Is that your
by Mad Dog
I suspect they
were afraid that if they pissed off the White Demons From Across the
Water we’d bring more with us next time. Tour buses full of them.
All from Dubuque wearing polyester double knit.
If I hear “Halo, Mister!” one more time I think I’m
going to lose my rice. I know everyone’s just being friendly, but
couldn’t the school system teach them a few more phrases in
English just for variety, like maybe, “Top ‘o the morning” or
“You come here often?” or even “What’s your sign, White
Last week I went to a small
island off Bali, the name of which I swore I wouldn’t mention
since they don’t get many tourists and the friend I was with is
afraid that if I print the name, within weeks everyone will flock
there and it will turn into Las Vegas, complete with Siegfried and
Wayan’s trained monkeys, slot machines in every warung, and
99-cent gecko cocktails.
I’m flattered she thinks
I wield this much power. But a promise is a promise, so let’s just
say it begins with “Nusa”, which doesn’t help you much since
that means “island” in Indonesian, and considering there were
13,670 islands as of the last count (and amazingly no politicians
demanded a recount or instigated court proceedings) you have
a lot of guesses.
There are only two guesthouses and three telephones on the island of
Nusa ______. And enough motorbikes to fill a Harley- Davidson
convention, though the total cc’s wouldn’t add up to a chopped
street bike. Tamu are a rarity, especially when one has a
shaved head and handlebar moustache and the other has long, flowing
red hair. The only times they’ve seen people who look like us were
in traditional paintings of demons. Yet in spite of that—or maybe
because of that— most people were friendly. I suspect they were
afraid that if they pissed off the White Demons From Across the
Water we’d bring more with us next time. Tour buses full of them.
All from Dubuque wearing polyester double knit and clutching their
free slot machine tokens and half-off coupons for Denny’s Grand
Slam Goat Sate and Eggs Breakfast.
You can be anywhere,
minding your own business, and someone you’ve never seen in your
life will walk up to you and ask, “Where are you going? Where have
you been? Where do you live? Are you married? How old are you? Do
you have any children? You want transport?”
They were definitely curious. Most people yelled “Halo!”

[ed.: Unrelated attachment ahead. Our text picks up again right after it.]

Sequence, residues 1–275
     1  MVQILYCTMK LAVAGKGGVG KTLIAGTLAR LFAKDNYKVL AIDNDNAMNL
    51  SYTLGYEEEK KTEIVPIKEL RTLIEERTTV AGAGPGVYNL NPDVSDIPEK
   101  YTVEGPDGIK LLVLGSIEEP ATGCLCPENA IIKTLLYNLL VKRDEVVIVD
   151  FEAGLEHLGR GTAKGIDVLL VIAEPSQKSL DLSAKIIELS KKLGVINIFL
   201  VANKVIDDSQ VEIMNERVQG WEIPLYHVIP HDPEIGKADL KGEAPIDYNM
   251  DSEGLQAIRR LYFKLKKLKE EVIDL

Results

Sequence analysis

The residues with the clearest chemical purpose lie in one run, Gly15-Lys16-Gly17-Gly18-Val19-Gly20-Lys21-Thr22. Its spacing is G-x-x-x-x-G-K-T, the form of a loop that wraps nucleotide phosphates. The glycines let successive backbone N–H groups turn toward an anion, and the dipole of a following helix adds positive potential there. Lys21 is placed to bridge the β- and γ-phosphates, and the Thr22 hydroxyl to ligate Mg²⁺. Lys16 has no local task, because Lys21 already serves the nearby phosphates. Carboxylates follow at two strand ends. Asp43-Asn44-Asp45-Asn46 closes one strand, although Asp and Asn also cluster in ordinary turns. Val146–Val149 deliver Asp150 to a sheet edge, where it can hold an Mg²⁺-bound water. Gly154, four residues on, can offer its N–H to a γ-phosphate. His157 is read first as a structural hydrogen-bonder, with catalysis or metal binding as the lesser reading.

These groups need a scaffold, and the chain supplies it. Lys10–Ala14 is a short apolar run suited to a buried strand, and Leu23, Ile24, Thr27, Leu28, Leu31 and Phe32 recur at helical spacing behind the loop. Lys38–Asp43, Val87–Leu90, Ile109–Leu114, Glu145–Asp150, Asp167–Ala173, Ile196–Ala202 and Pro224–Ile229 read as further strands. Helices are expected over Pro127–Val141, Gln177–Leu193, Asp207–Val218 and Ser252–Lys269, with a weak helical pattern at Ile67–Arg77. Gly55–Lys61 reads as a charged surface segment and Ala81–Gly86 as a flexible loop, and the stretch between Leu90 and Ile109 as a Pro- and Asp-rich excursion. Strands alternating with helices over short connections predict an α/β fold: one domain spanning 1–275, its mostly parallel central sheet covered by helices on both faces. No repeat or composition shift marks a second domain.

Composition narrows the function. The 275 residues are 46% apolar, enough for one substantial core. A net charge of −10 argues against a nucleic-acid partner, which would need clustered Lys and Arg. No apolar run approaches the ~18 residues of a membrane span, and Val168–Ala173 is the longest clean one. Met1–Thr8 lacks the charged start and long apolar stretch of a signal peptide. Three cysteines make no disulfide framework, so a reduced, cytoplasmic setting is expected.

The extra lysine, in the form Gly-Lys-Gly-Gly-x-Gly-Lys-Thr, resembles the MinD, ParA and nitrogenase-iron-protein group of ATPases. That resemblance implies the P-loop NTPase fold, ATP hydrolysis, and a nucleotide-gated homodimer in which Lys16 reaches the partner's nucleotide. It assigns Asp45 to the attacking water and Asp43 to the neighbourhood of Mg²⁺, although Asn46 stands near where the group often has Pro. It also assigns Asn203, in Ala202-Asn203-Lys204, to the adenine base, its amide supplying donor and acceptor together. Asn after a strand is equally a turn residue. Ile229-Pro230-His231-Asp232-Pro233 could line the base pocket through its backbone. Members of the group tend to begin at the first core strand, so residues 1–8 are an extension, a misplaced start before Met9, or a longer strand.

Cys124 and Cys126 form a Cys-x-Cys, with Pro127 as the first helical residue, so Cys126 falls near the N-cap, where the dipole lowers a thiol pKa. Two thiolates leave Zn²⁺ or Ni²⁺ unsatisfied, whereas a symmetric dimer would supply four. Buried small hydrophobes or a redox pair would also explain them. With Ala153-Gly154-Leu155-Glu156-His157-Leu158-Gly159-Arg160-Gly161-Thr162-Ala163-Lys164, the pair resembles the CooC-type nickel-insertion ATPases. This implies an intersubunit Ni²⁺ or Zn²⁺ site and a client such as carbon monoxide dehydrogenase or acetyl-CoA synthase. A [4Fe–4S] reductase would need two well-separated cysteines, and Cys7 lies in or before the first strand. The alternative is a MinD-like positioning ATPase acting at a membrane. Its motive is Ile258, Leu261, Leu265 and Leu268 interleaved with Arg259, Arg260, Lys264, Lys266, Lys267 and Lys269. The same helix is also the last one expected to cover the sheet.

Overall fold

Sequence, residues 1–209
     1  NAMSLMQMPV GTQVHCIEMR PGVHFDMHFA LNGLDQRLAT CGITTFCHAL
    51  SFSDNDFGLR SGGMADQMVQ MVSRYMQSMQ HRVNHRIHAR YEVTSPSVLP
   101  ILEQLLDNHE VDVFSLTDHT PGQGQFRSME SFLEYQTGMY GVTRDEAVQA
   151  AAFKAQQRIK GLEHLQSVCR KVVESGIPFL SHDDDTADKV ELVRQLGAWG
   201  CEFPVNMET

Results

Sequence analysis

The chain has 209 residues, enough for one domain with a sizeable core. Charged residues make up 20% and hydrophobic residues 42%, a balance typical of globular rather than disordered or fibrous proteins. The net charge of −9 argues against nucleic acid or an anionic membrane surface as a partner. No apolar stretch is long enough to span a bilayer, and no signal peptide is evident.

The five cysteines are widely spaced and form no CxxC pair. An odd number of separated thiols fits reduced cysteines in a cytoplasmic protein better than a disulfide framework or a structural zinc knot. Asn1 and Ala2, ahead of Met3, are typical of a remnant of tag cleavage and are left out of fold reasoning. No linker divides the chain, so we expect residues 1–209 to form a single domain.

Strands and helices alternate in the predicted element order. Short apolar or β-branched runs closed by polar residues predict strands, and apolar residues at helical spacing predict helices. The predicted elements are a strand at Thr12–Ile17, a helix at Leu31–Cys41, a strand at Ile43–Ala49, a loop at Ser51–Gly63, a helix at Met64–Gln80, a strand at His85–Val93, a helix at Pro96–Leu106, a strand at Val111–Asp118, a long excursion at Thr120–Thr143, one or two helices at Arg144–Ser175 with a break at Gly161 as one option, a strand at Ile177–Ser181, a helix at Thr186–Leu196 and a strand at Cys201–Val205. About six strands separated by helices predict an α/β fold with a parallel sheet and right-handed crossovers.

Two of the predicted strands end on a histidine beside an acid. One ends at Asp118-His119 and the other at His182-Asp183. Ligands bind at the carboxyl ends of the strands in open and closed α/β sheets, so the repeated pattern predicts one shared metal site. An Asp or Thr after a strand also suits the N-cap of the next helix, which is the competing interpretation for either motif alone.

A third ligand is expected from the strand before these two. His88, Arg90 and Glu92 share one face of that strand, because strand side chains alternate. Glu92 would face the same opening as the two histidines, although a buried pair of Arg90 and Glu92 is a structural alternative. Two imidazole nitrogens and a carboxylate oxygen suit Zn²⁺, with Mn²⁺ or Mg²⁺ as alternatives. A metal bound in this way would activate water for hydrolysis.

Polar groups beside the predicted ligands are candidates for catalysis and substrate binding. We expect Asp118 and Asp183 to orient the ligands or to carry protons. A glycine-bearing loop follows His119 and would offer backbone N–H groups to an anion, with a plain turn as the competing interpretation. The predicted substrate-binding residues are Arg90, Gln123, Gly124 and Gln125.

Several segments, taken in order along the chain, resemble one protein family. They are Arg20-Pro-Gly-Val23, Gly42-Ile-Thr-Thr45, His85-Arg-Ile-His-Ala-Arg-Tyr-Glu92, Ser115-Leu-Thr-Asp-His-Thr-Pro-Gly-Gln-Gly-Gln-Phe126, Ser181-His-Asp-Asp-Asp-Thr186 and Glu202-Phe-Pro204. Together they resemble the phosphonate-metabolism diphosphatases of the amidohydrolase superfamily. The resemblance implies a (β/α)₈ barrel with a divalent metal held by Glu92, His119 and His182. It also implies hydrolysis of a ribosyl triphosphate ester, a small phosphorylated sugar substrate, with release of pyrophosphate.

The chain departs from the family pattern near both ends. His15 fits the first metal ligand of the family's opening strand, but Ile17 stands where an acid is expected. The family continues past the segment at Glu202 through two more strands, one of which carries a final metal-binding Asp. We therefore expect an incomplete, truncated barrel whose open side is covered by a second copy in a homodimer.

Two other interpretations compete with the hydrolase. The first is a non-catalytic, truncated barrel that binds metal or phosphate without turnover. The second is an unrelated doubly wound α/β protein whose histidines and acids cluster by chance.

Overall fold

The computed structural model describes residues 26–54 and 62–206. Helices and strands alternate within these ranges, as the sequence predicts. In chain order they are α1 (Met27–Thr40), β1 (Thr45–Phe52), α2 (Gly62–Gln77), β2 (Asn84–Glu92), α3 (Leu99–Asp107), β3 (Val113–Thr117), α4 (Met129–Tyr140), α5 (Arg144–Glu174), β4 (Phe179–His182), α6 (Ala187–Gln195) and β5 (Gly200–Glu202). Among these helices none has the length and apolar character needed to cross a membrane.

as we drove by on our motorbike. When I first got to Bali I thought
it was really nice that so many people knew English pleasantries. It
made me feel comforted. After all, the last place I spent an
extended time was St-Malo, France, where it’s so bad that everyone
has forgotten what the French word for English even is. (HINT:
It’s not tête
de merde.) Then I found out that people here weren’t speaking
English to me after all—the word halo is Indonesian for
After “Halo”, the most
commonly heard English phrase is “You want transport?” Offering
tourists rides on the back of their motorbikes, in their cars, on
their bicycles, or even piggyback is the favorite Balinese way to
pick up a few extra rupiah. Some days it’s like walking through a
gantlet in Ubud. Though I do have to say that before I got the
motorbike it came in very handy. Except, of course, that they were
never around late at night when I needed them, leaving me to walk
home, constantly reminding myself that exercise is good for me,
especially the extra bit I got dodging the barking Balinese dogs who
own the streets at night.
The favorite game here is Dua Puluh Pertanyaan or Twenty
Questions. You can be anywhere, minding your own business, and
someone you’ve never seen in your life will walk up to you and
ask, “Where are you going? Where have you been? Where do you live?
Are you married? How old are you? Do you have any children? You want
It’s not that the
Balinese are nosy, they’re just curious. Okay, they’re nosy.
Real nosy. It’s interesting though that, unlike in the U.S., they